People of all ages can be at risk for high cholesterol and September is National Cholesterol Education Month.
Over 100 million adults in the United States currently have elevated cholesterol levels and over one-third of those have high levels that put them at risk of heart disease. High cholesterol levels may often occur with no presenting symptoms, so unless patients have a blood test that checks their cholesterol levels, they may be completely unaware. This can be especially dangerous because the build-up of cholesterol in the arteries can lead to heart disease and strokes.
“The National Cholesterol Education Program (NCEP)External recommends that adults aged 20 years or older have their cholesterol checked every 5 years.”
Optimal lipid levels for adults are as follows:
Total cholesterol– Less than 170 mg/dL
Low LDL (“bad” cholesterol)– Less than 110 mg/dL
High HDL (“good” cholesterol)– 35 mg/dL or higher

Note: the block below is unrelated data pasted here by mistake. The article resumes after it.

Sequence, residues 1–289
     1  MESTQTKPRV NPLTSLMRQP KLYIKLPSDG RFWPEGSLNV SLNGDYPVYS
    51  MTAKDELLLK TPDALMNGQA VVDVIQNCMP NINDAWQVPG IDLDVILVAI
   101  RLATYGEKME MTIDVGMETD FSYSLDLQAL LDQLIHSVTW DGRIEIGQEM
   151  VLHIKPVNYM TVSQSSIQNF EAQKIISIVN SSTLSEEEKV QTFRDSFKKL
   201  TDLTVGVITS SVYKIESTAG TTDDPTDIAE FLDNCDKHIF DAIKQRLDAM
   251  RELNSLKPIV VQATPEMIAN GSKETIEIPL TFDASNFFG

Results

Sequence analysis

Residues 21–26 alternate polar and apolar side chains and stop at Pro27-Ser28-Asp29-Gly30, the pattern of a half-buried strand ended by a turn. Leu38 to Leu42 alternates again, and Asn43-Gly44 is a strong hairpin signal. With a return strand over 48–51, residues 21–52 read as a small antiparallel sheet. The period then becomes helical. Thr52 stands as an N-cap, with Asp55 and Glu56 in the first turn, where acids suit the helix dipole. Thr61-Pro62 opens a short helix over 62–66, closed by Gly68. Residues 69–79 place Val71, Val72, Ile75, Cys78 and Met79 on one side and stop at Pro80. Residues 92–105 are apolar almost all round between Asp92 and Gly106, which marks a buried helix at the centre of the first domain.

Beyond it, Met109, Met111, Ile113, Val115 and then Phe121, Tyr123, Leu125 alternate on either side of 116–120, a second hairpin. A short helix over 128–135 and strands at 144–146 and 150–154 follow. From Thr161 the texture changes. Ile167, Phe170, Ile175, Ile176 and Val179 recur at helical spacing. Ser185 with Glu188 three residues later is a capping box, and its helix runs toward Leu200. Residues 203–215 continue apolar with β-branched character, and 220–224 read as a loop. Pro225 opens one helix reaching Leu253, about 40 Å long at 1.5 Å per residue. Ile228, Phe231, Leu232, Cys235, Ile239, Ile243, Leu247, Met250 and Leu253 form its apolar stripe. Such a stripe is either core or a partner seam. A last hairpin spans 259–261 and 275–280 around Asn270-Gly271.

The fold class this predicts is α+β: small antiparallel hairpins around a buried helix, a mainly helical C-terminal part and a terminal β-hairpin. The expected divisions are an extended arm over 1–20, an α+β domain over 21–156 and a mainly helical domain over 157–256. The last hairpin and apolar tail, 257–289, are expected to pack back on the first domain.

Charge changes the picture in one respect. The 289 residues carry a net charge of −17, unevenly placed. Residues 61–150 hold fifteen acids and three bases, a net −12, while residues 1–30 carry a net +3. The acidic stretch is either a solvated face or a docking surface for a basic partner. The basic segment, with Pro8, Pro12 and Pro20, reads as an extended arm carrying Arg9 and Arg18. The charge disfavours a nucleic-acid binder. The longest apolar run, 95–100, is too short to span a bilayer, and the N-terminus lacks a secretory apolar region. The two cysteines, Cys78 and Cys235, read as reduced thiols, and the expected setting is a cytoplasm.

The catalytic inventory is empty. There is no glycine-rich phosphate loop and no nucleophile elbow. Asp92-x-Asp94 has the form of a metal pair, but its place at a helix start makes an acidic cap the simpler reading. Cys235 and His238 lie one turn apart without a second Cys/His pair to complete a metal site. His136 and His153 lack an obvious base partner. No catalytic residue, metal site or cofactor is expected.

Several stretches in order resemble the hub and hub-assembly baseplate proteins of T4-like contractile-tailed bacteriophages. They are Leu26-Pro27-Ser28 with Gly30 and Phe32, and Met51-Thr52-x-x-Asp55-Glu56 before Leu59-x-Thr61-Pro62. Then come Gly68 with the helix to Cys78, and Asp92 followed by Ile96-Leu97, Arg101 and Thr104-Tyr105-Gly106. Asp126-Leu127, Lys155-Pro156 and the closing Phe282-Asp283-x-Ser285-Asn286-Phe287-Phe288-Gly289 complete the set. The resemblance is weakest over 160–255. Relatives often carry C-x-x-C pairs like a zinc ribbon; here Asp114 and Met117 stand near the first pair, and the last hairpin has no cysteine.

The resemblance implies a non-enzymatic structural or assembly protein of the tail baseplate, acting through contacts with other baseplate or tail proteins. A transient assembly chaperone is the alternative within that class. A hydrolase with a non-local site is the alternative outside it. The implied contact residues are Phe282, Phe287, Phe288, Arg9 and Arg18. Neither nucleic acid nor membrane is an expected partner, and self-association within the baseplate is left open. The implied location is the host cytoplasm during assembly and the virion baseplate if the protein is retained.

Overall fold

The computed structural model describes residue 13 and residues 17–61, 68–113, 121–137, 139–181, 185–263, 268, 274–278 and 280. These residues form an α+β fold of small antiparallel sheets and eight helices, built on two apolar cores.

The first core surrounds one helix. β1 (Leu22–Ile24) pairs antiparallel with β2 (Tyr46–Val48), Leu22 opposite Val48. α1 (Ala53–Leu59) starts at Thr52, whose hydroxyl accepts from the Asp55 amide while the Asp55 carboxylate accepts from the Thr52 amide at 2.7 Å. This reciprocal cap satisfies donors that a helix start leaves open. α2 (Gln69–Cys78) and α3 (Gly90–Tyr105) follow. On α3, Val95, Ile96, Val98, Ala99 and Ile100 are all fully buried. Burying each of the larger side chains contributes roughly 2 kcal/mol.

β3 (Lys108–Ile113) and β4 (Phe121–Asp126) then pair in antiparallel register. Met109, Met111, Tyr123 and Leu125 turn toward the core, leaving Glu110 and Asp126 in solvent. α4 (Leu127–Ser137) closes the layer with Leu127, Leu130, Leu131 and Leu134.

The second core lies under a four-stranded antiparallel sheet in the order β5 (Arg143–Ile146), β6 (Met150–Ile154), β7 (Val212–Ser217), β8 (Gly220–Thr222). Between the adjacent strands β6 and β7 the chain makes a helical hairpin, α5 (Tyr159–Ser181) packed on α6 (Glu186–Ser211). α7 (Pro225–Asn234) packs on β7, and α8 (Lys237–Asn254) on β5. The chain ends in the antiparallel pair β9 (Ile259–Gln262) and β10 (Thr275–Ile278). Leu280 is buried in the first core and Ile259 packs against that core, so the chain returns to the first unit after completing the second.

Triglycerides– Less than 150 mg/dL
For those who currently have elevated cholesterol levels, the following is recommended by the CDC.
Your doctor may prescribe medications to treat your high cholesterol.5 In addition, you can lower your cholesterol levels through lifestyle changes:
- Low-fat and high-fiber food (Eat more fresh fruits, fresh vegetables, and whole grains).
- For adults, getting at least 2 hours and 30 minutes of moderate or 1 hour and 15 minutes of vigorous physical activity a week. For those aged 6-17, getting 1 hour or more of physical activity each day.
- Maintain a healthy weight.
- Don’t smoke or quit if you smoke.
If you have questions about your cholesterol levels, please contact your doctor. More general information can be found on the CDC website here https://www.cdc.gov/cholesterol/cholesterol_education_month.htm